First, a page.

2. Potentially access additional bonuses
As well as offering interest and returns on deposits, some ISAs may offer additional bonuses. These aren’t available to everyone and may not match your saving goals. However, if you’re saving for your first home or retirement, they are worth considering.
The Help to Buy ISA is available for all aspiring first-time buyers. It offers a government bonus of 25% on deposits. You can open an account with up to £1,200 and can contribute up to £200 each month. You can add up to £12,000 to a Help to Buy ISA, leading to a maximum bonus of £3,000. You apply for the bonus when you’re at the point of buying a property. Help to Buy ISAs are a type of Cash ISA, so you receive interest.
A Lifetime ISA (LISA) may be an option if you’re saving for a first home or retirement. Each tax year, you can place up to £4,000 into a LISA, receiving a 25% bonus. You must be aged between 18 and 40 to open a LISA, and can continue to pay into it until you turn 50. This means the maximum bonus available is £33,000. The bonus is applied at the end of each month. A LISA can either be a Cash or Stocks and Shares account. However, there are some restrictions to keep in mind. Should you make a withdrawal before the age of 60 for a purpose other than buying your first home, you’ll lose the bonus and may get back less than you paid in.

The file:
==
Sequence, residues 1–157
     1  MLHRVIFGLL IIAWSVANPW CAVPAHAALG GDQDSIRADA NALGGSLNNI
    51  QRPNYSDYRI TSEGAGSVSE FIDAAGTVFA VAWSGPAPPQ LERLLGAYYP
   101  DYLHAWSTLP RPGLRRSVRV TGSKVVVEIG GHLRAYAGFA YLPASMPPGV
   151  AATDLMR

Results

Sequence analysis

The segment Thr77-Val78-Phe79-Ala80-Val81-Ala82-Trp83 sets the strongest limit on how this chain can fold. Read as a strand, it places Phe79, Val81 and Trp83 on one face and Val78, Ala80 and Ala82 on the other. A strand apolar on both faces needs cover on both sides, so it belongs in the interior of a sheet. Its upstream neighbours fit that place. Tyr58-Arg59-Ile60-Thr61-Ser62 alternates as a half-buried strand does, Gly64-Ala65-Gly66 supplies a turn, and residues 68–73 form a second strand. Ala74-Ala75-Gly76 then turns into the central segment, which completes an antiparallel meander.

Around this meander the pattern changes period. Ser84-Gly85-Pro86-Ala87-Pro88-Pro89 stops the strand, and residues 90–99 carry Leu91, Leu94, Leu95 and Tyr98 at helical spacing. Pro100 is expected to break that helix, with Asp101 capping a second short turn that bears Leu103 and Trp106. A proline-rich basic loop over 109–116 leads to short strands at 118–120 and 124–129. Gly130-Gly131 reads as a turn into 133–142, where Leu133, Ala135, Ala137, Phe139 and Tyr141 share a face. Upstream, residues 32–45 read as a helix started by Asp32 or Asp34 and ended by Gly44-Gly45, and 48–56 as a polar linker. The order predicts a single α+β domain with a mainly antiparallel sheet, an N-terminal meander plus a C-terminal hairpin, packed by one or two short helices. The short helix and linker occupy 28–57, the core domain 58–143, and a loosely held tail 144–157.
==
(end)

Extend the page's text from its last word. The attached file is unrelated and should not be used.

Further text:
3. Start investing with small amounts
If you want to start investing, a Stocks and Shares ISA can be a good starting point. You won’t have to pay tax on the returns generated and there are multiple options to suit how hands-on you want to be. A Stocks and Shares ISA may be right for you if you want to gradually grow your investment portfolio by adding regular, smaller sums over the long term.
For beginner investors and those that want a more hands-off approach, there are platforms that will make investment decisions for you. You’ll usually be asked some questions relating to your attitude to risk, investment goals and what you can afford to invest.
If you’re confident making investment decisions, you can choose your own investments that will be held within an ISA wrapper. You’ll need to take responsibility for researching investments, building a portfolio and keeping track of performance, as well as aligning decisions with your financial plan.
4. Shop around for the best interest rate
For the last decade, interest rates have been low. It may mean that your cash savings are struggling to keep up with inflation, effectively decreasing in value in real terms. Saving into an ISA doesn’t automatically mean you’ll access better rates, but it’s worth including them when you’re shopping around. Typically, a fixed rate ISA, where your money is locked away for a defined period of time, will offer the best returns.
Remember, if you don’t use your ISA allowance, you will lose it. If you’d like to discuss why it should be part of your financial plan and how it fits in with other options, please contact us.
Please note: The value of your investment can go down as well as up and you may not get back the full amount you invested. Past performance is not a reliable indicator of future performance.